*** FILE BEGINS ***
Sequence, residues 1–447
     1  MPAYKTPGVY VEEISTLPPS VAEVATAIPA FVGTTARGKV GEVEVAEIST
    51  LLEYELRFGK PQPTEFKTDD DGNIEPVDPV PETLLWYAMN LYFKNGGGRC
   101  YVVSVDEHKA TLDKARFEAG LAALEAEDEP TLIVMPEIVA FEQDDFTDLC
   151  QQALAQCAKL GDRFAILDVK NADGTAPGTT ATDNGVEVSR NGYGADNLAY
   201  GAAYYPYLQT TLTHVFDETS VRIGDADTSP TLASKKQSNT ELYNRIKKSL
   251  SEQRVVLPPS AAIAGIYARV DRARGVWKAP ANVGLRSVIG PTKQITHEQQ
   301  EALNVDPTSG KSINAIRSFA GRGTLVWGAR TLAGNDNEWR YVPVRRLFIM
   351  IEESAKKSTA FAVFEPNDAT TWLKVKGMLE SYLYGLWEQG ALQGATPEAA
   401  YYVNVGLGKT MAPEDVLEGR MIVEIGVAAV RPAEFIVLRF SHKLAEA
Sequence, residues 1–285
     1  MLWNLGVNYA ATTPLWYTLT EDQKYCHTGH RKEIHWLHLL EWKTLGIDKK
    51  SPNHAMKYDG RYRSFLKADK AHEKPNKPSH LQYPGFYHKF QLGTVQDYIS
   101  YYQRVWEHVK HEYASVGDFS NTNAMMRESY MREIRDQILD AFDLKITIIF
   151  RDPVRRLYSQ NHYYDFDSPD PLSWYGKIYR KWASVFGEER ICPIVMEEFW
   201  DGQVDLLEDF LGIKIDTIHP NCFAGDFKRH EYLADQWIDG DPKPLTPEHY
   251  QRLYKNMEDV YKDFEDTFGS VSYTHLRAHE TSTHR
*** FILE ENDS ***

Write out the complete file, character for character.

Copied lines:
Sequence, residues 1–447
     1  MPAYKTPGVY VEEISTLPPS VAEVATAIPA FVGTTARGKV GEVEVAEIST
    51  LLEYELRFGK PQPTEFKTDD DGNIEPVDPV PETLLWYAMN LYFKNGGGRC
   101  YVVSVDEHKA TLDKARFEAG LAALEAEDEP TLIVMPEIVA FEQDDFTDLC
   151  QQALAQCAKL GDRFAILDVK NADGTAPGTT ATDNGVEVSR NGYGADNLAY
   201  GAAYYPYLQT TLTHVFDETS VRIGDADTSP TLASKKQSNT ELYNRIKKSL
   251  SEQRVVLPPS AAIAGIYARV DRARGVWKAP ANVGLRSVIG PTKQITHEQQ
   301  EALNVDPTSG KSINAIRSFA GRGTLVWGAR TLAGNDNEWR YVPVRRLFIM
   351  IEESAKKSTA FAVFEPNDAT TWLKVKGMLE SYLYGLWEQG ALQGATPEAA
   401  YYVNVGLGKT MAPEDVLEGR MIVEIGVAAV RPAEFIVLRF SHKLAEA
Sequence, residues 1–285
     1  MLWNLGVNYA ATTPLWYTLT EDQKYCHTGH RKEIHWLHLL EWKTLGIDKK
    51  SPNHAMKYDG RYRSFLKADK AHEKPNKPSH LQYPGFYHKF QLGTVQDYIS
   101  YYQRVWEHVK HEYASVGDFS NTNAMMRESY MREIRDQILD AFDLKITIIF
   151  RDPVRRLYSQ NHYYDFDSPD PLSWYGKIYR KWASVFGEER ICPIVMEEFW
   201  DGQVDLLEDF LGIKIDTIHP NCFAGDFKRH EYLADQWIDG DPKPLTPEHY
   251  QRLYKNMEDV YKDFEDTFGS VSYTHLRAHE TSTHR